We care about these people, and it is for that reason the action sequences deliver. There may not be anything as impressive as in the final forty minutes of “Inception,” or as many explosions as “The Expendables” was packing, or even the creativity of “Scott Pilgrim,” but Affleck outshines them all with straight good storytelling and classic one-upmanship.

There are three heists in “The Town,” each more elaborate than the last. Costumes play a major role in all three, ranging from cliché (skeleton masks) to bizarre (nun habits) to ingenious (Boston police uniforms). In terms of suspense, Affleck expertly paces himself. The first heist leads to Doug’s involvement with Claire, whose relationship ups the stakes for a considerably messier second outing. It devolves into a citywide car chase with the police and FBI in hot pursuit. The tension is ratcheted even higher for the final heist, which takes place at a locale described as the “Cathedral of Boston” and concludes with the largest, most visceral action scene in the movie.

My gripes are few and far between. “The Town” does feel perhaps a little longer than it needs to, and the outcome of Doug’s last job and his relationship with Claire feels somewhat inauthentic by comparison to the pragmatic whole. Nevertheless, neither issue amounts to more than a minor grievance, and Affleck concludes the film on a beautiful, somber moment that emphasizes his strength as a director.

“The Town” is one of the most pleasant sleeper surprises of the year. Like Anton Corbijn’s “The American,” it offers a grown-up alternative to action, a compelling cast of characters, and confident filmmaking. That Ben Affleck, who was once a punchline in comparison to his accomplished buddy Matt Damon, has emerged so triumphantly as a director in the past three years is a development few if anyone saw coming. Both his vision for this film and his performance therein are incredible, and “The Town” is the best, most compelling action film of 2010.

Whatever project Affleck takes on next, his ability to perpetually entertain isn’t going to expire anytime soon.


Monday, October 25, 2010

"Red" Review

“Red” is bland. Jilting its vibrant namesake, director Robert Schwentke’s pallid comic book movie is about as exciting as a grayscale rainbow. It’s a self-celebratory slog and one of the longest hour and fifty minutes I’ve spent at the movies this year. In my defense, its trailer was a calculated work of CIA-level deception—each moment is expertly chosen to give false impression that the whole is mindless fun. But mindless fun is only half right.

There’s next to nothing to say about a film this unremittingly boring. I’d stop just short of calling it a failure, but the most incredible thing about “Red” is that such a lackluster script attracted such high-profile talent.

The cast, including Bruce Willis, Morgan Freeman, John Malkovich, Helen Mirren, and Mary Louis-Parker, along with Karl Urban, Brian Cox and Richard Dreyfuss, speaks for itself. That’s part of the problem. “Red” relies too heavily on big names to make the material pop rather than directly addressing the many problems with its confusing, amorphous screenplay. Surely it seemed like a pretty safe conclusion—I’m as surprised as anyone that a film this stacked could be so completely devoid of personality.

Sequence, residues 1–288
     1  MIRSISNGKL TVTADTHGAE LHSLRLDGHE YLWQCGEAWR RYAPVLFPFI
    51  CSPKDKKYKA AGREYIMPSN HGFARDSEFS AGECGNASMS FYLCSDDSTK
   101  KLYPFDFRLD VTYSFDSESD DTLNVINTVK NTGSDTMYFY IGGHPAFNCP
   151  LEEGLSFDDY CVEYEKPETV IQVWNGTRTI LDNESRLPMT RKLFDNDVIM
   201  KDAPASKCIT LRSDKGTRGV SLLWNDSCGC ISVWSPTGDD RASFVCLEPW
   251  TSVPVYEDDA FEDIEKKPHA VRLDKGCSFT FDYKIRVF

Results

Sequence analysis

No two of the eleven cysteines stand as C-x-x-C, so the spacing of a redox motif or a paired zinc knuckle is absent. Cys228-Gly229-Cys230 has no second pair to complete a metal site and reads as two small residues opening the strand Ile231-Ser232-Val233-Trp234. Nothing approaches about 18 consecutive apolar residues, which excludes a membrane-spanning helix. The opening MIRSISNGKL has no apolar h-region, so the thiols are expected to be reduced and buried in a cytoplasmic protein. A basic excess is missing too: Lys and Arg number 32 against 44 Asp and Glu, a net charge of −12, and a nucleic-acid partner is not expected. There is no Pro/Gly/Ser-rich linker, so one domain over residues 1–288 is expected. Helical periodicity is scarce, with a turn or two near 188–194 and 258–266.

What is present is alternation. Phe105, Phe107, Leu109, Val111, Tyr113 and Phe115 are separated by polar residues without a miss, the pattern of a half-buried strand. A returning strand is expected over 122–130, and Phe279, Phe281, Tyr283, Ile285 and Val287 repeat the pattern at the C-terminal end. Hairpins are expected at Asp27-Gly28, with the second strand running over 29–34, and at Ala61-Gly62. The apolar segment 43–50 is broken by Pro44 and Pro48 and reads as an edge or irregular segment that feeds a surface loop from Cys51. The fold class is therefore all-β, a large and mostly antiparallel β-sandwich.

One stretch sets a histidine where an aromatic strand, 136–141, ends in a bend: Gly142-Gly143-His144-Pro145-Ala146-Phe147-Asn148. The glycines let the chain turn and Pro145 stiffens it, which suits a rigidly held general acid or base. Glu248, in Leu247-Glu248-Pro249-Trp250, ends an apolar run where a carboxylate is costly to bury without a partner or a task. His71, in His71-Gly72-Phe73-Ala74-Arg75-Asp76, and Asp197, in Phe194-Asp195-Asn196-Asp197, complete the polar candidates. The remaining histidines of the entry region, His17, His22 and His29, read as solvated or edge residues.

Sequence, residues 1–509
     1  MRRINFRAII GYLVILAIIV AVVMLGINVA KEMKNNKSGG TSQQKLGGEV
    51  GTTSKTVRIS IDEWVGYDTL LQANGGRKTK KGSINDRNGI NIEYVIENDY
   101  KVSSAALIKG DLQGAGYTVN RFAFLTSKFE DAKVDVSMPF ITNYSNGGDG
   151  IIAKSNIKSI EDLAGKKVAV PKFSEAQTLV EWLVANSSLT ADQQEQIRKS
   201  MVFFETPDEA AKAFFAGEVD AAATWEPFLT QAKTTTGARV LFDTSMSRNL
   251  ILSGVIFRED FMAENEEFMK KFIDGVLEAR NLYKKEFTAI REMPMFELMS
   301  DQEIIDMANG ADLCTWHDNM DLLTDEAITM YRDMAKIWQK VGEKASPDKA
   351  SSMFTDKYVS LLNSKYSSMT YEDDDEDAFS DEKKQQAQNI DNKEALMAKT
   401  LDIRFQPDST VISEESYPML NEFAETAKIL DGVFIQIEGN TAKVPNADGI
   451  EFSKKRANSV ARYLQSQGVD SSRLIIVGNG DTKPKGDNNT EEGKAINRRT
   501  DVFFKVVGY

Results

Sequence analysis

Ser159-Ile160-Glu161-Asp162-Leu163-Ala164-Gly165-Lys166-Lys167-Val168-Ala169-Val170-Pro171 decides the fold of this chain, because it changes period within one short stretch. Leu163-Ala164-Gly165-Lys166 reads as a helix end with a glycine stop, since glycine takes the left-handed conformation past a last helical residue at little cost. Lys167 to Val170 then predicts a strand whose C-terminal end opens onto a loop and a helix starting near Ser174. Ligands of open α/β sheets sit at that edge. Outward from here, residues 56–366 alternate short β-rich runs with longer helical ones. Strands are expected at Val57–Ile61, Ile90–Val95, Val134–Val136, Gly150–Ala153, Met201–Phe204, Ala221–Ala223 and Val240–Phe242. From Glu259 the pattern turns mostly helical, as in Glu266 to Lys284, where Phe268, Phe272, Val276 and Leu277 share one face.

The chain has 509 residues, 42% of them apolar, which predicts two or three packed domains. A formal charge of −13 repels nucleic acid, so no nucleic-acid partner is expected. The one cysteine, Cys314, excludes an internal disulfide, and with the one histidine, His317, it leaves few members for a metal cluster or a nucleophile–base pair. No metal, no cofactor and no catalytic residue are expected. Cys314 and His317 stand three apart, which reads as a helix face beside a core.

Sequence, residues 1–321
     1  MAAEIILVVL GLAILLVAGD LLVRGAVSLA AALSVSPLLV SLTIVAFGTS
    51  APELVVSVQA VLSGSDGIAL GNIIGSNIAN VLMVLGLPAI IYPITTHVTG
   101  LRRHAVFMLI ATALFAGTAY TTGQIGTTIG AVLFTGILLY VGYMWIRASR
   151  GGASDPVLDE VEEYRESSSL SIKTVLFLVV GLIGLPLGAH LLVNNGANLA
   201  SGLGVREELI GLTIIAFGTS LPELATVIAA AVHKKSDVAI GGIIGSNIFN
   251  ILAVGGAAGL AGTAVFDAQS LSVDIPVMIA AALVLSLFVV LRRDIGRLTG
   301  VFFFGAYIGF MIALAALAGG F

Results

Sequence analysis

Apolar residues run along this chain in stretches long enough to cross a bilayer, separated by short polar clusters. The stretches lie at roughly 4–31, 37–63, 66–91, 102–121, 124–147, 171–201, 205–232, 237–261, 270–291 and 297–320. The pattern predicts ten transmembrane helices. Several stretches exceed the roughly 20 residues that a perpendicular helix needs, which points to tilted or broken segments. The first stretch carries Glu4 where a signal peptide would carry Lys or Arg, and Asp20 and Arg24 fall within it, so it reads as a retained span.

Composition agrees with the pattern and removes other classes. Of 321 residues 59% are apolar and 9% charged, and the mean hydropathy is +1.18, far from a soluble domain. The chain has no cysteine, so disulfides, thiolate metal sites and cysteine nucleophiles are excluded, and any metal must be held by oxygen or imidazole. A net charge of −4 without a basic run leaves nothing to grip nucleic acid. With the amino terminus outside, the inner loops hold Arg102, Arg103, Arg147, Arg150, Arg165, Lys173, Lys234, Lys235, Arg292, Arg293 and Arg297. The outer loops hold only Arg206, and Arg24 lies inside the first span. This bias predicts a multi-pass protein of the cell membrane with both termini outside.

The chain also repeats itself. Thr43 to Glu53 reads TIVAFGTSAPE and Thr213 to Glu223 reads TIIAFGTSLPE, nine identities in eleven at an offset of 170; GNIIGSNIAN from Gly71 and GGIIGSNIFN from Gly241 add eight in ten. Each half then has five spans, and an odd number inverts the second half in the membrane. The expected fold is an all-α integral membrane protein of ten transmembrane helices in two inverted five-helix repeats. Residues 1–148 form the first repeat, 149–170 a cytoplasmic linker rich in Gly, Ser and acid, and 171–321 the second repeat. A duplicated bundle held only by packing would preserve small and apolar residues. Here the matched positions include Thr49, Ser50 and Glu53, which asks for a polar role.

Then there’s the not-so-insignificant fact that our leading man is the most uninteresting person in the entire film. Black ops superhero Frank Moses never lives up to his reputation—pity Willis doesn’t supply his own. His character is meant to be a “romantic” at heart, but his relationship with dopey civilian Sarah Ross is just as unconvincing. Moses isn’t a compelling protagonist—and he’s shown up repeatedly. First by Malkovich as an LSD-warped CIA retiree, but also by Freeman, who is in the film for maybe a combined ten minutes.

I’m not gunning for Bruce, though. “Red” is an amalgam of creative failures in which his is the very least offensive. It was never going to be a great film given the inept writing of Jon and Erich Hoeber, though under Schwentke’s direction it isn’t even passable. He attempts to pawn "Red" off as disposable entertainment, but reneges on the ‘entertainment’ part. It's the type of movie that squeaks by on a slow weekend, but would have been justly ignored had it been released three months ago.

Even its music is egregious. Not since Soderbergh’s "The Informant!" has a film been so tonally altered through soundtrack and score. Composer Christophe Beck imbues each languid scene with a false sense of energy—be it bouncy, comedic accompaniment or nondescript action orchestral—but he fails to make a case for them. In fact, his music underscores the dichotomy between sound and sight; he makes us acutely aware of what we should be feeling, but aren’t.

Collectively, “Red” is one massive miscalculation: criminally overlong and underwhelming given the caliber of talent on hand. There’s no reason why this shouldn’t have offered the same breezy fun as “The Losers” and “Knight and Day” did earlier this year, flawed though they were. Schwentke attempts to mend a Humpty Dumpty script by infusing it with style and enunciating its humor, but the former comes off as gimmicky and the latter is a series of embarrassing air balls. Joke upon joke was met with stifling silence from the crowd.

"Red" is one of the most colorless films in recent memory. In it, the acronym ‘R-E-D’ stands for “Retired; Extremely Dangerous,” but I’ve come up with an abbreviation that far better describes the experience: “Reclining; Extremely Disappointed.”